Republican Gov. Chris Christie on Monday rejected New Jersey lawmakers' latest efforts to reform the powerful bistate entity that controls the region's airports, bridges and tunnels. But a key Democratic state senator said it's time to accept an overhaul enacted in New York that Christie supports.

Port Authority Police Officers patrol the area around the Port Authority Bus terminal on November 26, 2015 in New York City. (Photo by Yana Paskova/Getty Images)

Christie conditionally vetoed the Port Authority of New York and New Jersey reform legislation, rejecting provisions that he said would exempt union members from inspector general fraud investigations and require costly engineering audits for capital projects over $500 million. Instead, Christie recommended lawmakers adopt a bill that New York lawmakers and Democratic Gov. Andrew Cuomo enacted in 2015.

"The present bill also imposes redundant and costly burdens that will hinder the Port Authority's ability to efficiently accomplish its mission," Christie said in his conditional veto statement.

The New York legislation establishes whistleblower protections, calls for open meetings and the establishment of a rotating chairmanship between New York and New Jersey. Tom Kean Jr., New Jersey's Senate Republican leader, is trying to get similar legislation approved in New Jersey.

The calls for reforms stemmed from the Port Authority's reputation as dysfunctional. But the effort to reform intensified after the George Washington Bridge lane closure scandal in 2013 that resulted in two former allies of Christie being indicted on wire fraud and other charges. Another former ally pleaded guilty in the case, which has yet to go to trial. Christie has denied any involvement and has not been charged.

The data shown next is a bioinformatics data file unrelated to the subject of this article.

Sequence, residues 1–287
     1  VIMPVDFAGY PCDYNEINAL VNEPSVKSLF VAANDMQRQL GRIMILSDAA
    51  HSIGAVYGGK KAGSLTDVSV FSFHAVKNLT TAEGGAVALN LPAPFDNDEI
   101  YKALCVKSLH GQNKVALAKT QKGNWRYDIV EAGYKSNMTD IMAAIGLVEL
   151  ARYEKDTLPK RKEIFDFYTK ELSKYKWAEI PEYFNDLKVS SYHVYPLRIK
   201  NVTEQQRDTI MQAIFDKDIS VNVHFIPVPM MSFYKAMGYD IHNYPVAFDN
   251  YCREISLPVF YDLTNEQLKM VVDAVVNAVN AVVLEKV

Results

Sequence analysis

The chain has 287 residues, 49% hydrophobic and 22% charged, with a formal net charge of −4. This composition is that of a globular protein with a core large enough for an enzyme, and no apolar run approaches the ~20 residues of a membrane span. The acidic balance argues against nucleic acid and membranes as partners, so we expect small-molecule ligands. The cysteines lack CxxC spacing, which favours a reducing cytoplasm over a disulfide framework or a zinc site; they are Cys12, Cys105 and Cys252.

Democratic lawmakers said the scandal shows why it's important for both states' legislatures to have subpoena power over the powerful agency, which has an $8 billion budget.

That reform was the sticking point for New Jersey lawmakers, but Christie's veto on Monday was enough to change Democratic state Sen. Bob Gordon's mind and accept the New York reforms.

"I've spent five years working on this and don't want to be an impediment to reform," Gordon said. "We don't want the perfect to be the enemy of the good."

Senate Majority Leader Loretta Weinberg said she's not ruling out accepting Christie's proposal, but first wants to talk to her colleagues. Assemblywoman Valerie Vainieri Huttle, the Assembly sponsor, did not immediately return a call seeking comment. Both are Democrats.

Lawmakers are considering the reforms as the agency prepares to undertake replacing the nation's busiest bus terminal in New York, a project that could cost from $7 billion to $10 billion and take several years to complete.

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